Let’s get one thing straight: it would have been nigh impossible to screw this game up on a fundamental level. As Sony has learned from competitor Nintendo, all you have to do is take your brand’s beloved mascots, toss them into a party-style fighting game and the money practically prints itself for optimal Scrooge McDucking (I’m trying to copyright that as a verb).
And where it counts, the guts of the experience, SuperBot Entertainment and Sony Santa Monica get it right. PlayStation All-Stars Battle Royale has all the Sony characters you love – Kratos, Nathan Drake, Sly Cooper, Ratchet and Clank, Sweet Tooth, etcetera – beating the ever-living tar out of each other (Kratos yelling “Die!” to Sackboy will always get a chuckle from me) with a foundation built from fundamentally solid controls and proper character balancing. But that’s not what worries me. What worries me is what do you do with PlayStation All-Stars Battle Royale when you don’t have an internet connection to take this puppy online – or friends to invite over on a whim.
The truth is this: I had to play PS All-Stars offline for roughly a week and a half in single player only because Sony hadn’t yet flipped the switch for the online servers. For costumers looking to pick up this game up on/after release, that won’t be an issue. But requiring me to review the game under these circumstances painted a stark picture of how little there is to do with the title if you can’t battle real people with your favorite Sony mascots.
PlayStation All-Stars Battle Royale offers up the standard Arcade Mode that’s a commonplace necessity for fighting games. It’s here that you work your way through the ranks with each character to unlock new costumes, taunts, fight intros/outros, and character-specific victory music. This is all tied together by bookending motion-comic cinematics that give a loose, and I mean loose story to each character’s journey to being labeled the premier all-star of the cast – in most cases these cutscenes are truly cringe worthy. Sadly, the mode’s about skin deep and really doesn’t offer up much of a challenge, even on the harder difficulty level. After only a few play throughs, I found myself looking for excuses not to play PlayStation All-Stars solo – stuff like watching a movie, playing a different game, or doing chores. Yes, chores.
The only people that will truly benefit from picking up PS All-Stars are those who plan to take this game online and do little else (you can rank up your characters and unlock new costumes, taunts and intros here, too!). As stated previously, people with an internet connection will be able to enjoy what makes games like PS All-Stars, and Super Smash Bros. before it, truly special – friendly competition. There’s plenty of variety in characters and moves, and the level design is hysterical, in the best of ways, pulling together the vast catalog of Sony’s properties; seeing a level transform from a grim and gritty version of the Underworld complete with Hades, to a vibrant purple place filled with Patapon tribesmen flinging spears all over never gets old. The same goes for PaRappa the Rapper’s Master Onion drop-kicking a Killzone spider-mech. There’s plenty of eye-candy to be found in PS All-Stars, and sound gameplay to back it all up.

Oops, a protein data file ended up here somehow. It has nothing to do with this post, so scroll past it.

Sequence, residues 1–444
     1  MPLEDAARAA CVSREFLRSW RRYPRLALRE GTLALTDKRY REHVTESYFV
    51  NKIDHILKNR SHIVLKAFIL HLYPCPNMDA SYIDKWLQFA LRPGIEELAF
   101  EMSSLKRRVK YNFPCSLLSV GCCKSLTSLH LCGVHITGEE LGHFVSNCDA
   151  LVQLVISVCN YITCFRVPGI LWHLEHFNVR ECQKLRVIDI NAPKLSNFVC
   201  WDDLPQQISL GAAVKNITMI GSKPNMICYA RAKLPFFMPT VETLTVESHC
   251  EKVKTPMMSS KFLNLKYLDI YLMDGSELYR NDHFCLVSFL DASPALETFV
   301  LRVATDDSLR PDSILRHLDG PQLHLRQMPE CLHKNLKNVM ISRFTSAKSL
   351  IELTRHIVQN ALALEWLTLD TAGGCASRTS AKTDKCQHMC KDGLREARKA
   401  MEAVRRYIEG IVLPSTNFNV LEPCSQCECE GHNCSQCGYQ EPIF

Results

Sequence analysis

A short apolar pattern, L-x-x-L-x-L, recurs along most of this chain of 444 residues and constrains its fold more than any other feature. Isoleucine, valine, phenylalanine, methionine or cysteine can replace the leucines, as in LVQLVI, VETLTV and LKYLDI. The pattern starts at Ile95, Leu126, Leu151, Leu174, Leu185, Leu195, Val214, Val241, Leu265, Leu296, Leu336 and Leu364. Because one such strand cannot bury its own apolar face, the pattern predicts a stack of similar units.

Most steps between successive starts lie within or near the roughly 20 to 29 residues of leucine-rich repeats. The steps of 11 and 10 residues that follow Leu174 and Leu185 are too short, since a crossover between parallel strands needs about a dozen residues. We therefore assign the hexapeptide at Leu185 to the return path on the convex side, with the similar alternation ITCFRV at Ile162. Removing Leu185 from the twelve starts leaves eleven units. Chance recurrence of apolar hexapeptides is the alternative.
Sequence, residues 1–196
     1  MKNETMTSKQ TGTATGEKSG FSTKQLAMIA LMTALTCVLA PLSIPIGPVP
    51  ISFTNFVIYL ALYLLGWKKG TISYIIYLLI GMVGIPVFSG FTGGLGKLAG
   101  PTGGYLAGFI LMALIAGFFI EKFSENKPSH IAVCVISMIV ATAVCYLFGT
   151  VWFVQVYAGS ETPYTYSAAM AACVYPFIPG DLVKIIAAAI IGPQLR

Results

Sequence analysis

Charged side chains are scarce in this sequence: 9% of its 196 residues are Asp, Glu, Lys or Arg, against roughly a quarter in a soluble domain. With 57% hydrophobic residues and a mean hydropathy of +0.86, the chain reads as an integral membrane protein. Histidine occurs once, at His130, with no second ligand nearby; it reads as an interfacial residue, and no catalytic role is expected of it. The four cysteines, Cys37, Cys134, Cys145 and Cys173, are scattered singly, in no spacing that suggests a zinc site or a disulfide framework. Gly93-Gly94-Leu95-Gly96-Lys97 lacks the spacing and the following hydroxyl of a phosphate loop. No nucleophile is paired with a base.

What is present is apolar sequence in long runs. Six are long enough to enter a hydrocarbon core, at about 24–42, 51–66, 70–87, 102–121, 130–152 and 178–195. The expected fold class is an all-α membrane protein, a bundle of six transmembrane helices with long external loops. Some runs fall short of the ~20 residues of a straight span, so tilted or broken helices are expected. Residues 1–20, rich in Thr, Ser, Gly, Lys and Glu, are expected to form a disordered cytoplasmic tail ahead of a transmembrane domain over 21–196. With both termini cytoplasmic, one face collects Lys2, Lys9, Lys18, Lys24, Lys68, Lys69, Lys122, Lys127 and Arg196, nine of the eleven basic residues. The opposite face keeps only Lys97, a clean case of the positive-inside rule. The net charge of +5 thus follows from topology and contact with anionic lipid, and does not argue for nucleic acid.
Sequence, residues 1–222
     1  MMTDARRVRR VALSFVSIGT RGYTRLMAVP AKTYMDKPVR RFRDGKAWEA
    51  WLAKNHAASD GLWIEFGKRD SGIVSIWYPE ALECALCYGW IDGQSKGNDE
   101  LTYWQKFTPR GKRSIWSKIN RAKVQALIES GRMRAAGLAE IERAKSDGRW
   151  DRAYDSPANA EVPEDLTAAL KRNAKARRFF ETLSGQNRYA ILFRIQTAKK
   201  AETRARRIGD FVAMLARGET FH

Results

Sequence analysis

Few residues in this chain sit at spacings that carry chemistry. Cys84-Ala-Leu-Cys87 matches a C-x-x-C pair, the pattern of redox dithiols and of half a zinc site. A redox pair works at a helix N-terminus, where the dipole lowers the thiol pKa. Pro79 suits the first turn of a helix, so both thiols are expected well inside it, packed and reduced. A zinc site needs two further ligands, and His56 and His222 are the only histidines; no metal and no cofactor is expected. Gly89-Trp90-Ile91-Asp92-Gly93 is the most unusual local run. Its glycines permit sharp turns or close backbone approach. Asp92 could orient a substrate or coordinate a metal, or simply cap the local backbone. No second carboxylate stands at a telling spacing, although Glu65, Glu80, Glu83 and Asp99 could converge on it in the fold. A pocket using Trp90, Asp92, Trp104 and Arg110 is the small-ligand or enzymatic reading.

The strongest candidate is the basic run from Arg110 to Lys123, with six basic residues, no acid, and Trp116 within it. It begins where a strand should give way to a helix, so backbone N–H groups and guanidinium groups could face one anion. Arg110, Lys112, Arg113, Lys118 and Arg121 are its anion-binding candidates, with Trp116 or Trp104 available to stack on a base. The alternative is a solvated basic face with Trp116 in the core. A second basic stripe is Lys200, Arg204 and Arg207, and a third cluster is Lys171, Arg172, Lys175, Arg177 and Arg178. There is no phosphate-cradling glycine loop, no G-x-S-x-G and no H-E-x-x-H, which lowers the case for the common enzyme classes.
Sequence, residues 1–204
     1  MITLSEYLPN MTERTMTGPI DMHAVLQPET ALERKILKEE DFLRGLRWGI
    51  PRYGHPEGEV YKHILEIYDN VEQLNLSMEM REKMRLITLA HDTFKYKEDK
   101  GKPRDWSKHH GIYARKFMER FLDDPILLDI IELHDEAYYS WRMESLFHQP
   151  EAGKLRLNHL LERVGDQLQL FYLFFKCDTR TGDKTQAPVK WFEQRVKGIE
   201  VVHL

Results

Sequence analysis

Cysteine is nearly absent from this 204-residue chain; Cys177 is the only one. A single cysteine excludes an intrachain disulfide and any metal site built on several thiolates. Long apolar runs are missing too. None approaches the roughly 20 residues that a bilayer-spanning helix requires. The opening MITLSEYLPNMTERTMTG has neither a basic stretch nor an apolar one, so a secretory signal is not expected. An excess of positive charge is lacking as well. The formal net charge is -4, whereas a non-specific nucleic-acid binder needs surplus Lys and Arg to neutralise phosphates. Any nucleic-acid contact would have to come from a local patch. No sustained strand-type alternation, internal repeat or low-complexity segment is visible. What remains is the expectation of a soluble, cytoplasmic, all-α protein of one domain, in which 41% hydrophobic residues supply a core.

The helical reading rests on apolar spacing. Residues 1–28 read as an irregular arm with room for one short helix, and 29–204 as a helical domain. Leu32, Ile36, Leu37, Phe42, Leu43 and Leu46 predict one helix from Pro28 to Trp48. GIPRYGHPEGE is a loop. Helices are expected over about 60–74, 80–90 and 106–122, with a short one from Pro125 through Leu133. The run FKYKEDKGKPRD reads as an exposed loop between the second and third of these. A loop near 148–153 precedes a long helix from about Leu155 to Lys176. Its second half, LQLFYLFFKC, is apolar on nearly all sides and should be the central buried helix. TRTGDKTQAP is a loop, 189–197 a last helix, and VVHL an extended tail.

But it all comes back around to that damn debate of single player versus multiplayer and what represents more value for your dollar. If you fancy yourself a gamer who likes to play games solo, and I feel for you because I’m one of those people, too, on occasion, then I’m telling you there isn’t much here for you. You’ll only find a few hours worth of monotonous brawling. But for those with access to the interwebs or friends-on-demand, PlayStation All-Stars Battle Royale becomes a much more attractive package. It’s got charm, a colorful cast, tight mechanics and will probably be the only place this year where you can see Kratos and Sweet Tooth come to blows over a spilled ice cream cone (seriously). So before you run out to pick up PS All-Stars, dig deep inside and figure out what type of gamer you are. It will make all the difference in the world.
A word on the PS Vita version:
PlayStation All-Stars is the first Sony game to take advantage of the company’s “cross-buy/cross-play” program. This means that you can buy the PS3 version and get a free downloadable copy of the PS Vita version with it. You can then use your PS Vita copy to play people who are using their PS3 copy, and vice versa. Additionally, your game progress – unlocks, character ranks, etcetera – will transfer from one version to the next once you bring them both online.
Personally, I found the Vita version of PS All-Stars to be more to my liking. It’s the entire console version for on-the-go gaming with no shortcuts taken that I noticed. The only drawback is that loading screens are a tad bit longer, but it’s nothing detrimental to the overall game. I found myself firing up the PS Vita version far more frequently than I did the PS3 version. So if you think you might be of the same mindset, know that you can head straight to the Vita version for $20 cheaper.
We received one review copy of PlayStation All-Stars Battle Royale for PS3 and one copy for PS Vita. We were held to the embargo date of November 20, 2012, at 8am PST. Before starting our review, we played through the game solo with roughly eight characters, then jumped online for a handful of matches, both with the PS3 and PS Vita versions of the title.
Erik Norris is the Gaming Editor for CraveOnline. You can follow him on Twitter @Regular_Erik.